Canon have long produced industry-leading DSLRs. Their range is almost as extensive as their pedigree. However, it’s sometimes difficult to distinguish between the various names and specifications to determine which camera you should buy. This article looks at two popular DSLRs from Canon, the 70D and 700D. Although there’s a fairly big price gap between the two, each has their merits and will appeal to different users. We’ll take a look at the Canon 70D vs 700D, their similarities and differences, and which one is right for you.
A good place to start when comparing to cameras is to check the specifications of each. This way you can see side-by-side where the differences and similarities are. In the table below, we’ve laid out some of the most important technical specs of both cameras:
|Canon 70D||Canon 700D|
|Price||$970 (body only)||$530 (body only)|
|Sensor size||14.9 x 22.3mm (APS-C)||14.9 x 22.3mm (APS-C)|
|LCD Screen||3-inch articulated touchscreen||3-inch articulated touchscreen|
|Maximum frame rate||7fps||5fps|
As you can see, there are both a number of similarities and differences between the two. We’ll take a closer look at some of the key ones below.
The most noticeable difference is in the price of the two. This difference is very much reflective of the features the two have. If you’re shopping on a budget and looking at a good entry-level DSLR then the 700D is a decent choice. However, if you’re a more experienced photographer and have the budget to spare, the 70D offers a better option.
Sensor and Megapixels
Although both cameras use the same size APS-C sensor, there is a difference in the megapixel resolution. The 70D has a larger 20.2-megapixel resolution, compared to 18-megapixels on the 700D. Although the difference won’t be noticeable to any but the most trained eye, the 70D still has the edge. Megapixels aren’t the be all and end all when it comes to quality, but it may matter to some.
Here’s one of the big differences between the two cameras, one that really sets the two apart. The Canon 700D has a 9-cross-point autofocus sensor, whilst the 70D has a 19-cross-point one. The view on the 700D is fixed, whilst on the 70D it can be configured using the touchscreen. This increased number of points is beneficial for a number of reasons. Firstly, it means you can focus with more precision when shooting stills; you can configure the focus point where you need without having to adjust your frame or settings. It’s also beneficial when shooting video. The Dual Pixel autofocus used in the 70D means you can track a subject in live view or when shooting video and it will automatically keep focused.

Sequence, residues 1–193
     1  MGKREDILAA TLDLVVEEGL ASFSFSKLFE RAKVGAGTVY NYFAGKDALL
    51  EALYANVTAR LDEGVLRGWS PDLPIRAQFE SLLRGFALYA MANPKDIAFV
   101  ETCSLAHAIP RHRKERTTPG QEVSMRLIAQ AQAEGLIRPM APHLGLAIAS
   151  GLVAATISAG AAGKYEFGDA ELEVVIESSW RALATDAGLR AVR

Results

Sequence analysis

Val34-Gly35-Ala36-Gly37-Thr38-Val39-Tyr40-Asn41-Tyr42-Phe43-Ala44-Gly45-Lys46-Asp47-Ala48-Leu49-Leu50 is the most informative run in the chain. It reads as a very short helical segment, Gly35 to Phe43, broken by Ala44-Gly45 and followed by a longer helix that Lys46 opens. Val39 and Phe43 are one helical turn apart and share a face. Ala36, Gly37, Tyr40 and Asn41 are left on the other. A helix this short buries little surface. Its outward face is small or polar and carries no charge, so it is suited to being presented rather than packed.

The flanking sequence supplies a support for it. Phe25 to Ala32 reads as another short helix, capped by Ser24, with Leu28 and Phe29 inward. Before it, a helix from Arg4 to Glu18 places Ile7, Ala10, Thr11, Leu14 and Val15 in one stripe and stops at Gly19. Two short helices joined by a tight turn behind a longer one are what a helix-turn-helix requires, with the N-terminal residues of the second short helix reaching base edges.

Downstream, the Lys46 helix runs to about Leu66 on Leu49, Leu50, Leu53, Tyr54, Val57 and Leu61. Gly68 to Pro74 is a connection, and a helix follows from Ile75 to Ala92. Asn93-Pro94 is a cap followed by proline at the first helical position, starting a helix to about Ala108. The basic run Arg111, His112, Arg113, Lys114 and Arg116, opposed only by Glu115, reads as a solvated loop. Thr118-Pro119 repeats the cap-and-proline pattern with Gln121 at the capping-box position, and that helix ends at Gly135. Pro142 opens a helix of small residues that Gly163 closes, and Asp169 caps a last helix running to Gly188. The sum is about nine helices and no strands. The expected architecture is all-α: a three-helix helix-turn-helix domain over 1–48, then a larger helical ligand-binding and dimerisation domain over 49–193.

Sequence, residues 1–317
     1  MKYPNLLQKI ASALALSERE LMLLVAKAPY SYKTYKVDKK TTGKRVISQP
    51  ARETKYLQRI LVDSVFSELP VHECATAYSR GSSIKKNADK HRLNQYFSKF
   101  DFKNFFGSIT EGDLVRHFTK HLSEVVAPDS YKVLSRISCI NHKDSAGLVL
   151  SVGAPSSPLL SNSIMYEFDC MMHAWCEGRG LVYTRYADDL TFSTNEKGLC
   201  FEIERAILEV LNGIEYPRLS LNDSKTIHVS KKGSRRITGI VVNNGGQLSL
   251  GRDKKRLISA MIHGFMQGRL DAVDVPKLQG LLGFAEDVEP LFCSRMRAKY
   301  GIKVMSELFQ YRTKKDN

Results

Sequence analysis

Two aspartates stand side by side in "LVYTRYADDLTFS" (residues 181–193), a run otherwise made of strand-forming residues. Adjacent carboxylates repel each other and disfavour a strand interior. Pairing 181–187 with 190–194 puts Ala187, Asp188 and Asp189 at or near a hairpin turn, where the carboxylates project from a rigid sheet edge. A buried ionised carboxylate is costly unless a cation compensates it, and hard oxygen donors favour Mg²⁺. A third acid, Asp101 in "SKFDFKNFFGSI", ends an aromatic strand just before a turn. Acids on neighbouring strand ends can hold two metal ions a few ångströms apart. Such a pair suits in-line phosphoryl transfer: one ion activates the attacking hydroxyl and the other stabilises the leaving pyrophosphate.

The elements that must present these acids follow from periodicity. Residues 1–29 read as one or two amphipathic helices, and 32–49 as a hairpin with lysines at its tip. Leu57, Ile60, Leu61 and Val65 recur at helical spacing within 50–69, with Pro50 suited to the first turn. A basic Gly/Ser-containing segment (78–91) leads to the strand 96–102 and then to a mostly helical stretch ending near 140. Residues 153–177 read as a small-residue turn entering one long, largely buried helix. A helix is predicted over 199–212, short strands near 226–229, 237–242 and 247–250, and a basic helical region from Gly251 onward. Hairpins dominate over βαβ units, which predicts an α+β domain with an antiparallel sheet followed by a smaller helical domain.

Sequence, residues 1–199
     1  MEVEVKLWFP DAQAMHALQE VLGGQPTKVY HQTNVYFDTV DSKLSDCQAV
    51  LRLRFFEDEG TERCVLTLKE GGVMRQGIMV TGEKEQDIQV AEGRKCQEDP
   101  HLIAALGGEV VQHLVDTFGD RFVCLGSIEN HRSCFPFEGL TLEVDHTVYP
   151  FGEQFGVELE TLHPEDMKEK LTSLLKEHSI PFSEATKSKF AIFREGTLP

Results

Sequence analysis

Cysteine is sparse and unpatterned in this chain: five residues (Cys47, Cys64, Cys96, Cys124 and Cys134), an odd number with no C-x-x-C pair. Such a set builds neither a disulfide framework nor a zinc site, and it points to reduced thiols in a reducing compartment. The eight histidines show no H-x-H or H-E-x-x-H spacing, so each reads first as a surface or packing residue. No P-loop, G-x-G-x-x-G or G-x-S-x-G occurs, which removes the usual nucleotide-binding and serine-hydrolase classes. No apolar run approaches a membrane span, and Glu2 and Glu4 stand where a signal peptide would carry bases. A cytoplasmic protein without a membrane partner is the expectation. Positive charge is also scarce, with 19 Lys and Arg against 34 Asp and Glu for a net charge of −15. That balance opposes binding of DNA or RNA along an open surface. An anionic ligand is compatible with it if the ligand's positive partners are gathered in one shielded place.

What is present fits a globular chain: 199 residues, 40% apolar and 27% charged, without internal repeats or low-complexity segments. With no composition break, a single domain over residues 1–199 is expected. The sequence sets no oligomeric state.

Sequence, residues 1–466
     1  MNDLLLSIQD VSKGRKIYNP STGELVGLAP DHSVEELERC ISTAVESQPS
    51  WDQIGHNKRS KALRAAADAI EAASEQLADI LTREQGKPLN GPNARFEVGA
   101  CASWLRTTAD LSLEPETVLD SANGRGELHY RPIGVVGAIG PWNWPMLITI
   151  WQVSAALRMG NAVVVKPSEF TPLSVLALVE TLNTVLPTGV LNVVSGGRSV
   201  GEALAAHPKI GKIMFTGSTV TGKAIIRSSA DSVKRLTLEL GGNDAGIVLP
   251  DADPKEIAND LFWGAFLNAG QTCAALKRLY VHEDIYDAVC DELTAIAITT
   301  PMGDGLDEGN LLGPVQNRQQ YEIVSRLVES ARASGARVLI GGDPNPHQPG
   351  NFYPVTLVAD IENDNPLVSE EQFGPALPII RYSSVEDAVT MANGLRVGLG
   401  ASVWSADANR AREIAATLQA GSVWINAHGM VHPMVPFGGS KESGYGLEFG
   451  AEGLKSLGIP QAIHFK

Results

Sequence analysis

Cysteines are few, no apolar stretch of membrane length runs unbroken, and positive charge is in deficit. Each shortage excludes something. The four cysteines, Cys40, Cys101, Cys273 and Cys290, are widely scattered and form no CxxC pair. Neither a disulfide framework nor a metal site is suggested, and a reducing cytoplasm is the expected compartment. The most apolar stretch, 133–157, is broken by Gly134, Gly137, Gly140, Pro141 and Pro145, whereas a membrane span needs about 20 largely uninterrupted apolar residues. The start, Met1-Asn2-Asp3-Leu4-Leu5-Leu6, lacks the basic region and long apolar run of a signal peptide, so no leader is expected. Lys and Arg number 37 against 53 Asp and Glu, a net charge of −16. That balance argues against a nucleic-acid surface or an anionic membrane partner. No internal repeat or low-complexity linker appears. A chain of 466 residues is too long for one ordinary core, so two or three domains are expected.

Overall, the autofocus is much better on the 70D. It will be of particular use to those who will use their DSLR for shooting video.
One of the useful additions to the 70D is lens micro-adjustment. This helps with precision shooting by allowing the user to calibrate the lens to focus more accurately. It’s a feature that is often seen on professional-level Canon cameras. Users who often shoot with a prime lens at wider apertures will particularly benefit from this feature. The 700D does not have this technology.
Quick Control Dial
The quick control dial found on the 70D is a feature that makes the camera fantastically convenient. The dial, which the 700D does not have, allows a variety of functions to be performed without having to take your eye away from the camera. It’s located on the back of the camera’s body and can be accessed with the thumb whilst shooting, making sure you don’t miss any shots whilst adjusting settings. It allows the user to access exposure compensation and focus point selection selections whilst still looking through the cameras viewfinder.
The inclusion of the quick control dial makes the 70D a much quicker and more professional-feeling camera. It may seem like a simple addition, but if you’re serious about photography you’ll appreciate the difference those few seconds make.
Size and Weight
In terms of size, the two cameras are comparable and they both have sturdy polycarbonate and stainless steel bodies. However, the 70D is a good 175g heavier (755g as opposed to 580g of the 700D). If you’re looking for a camera that is lightweight and suitable for travelling, the Canon 700D may be an appealing choice. We suggest holding both to compare, to see if the size and weight is an influence on your decision.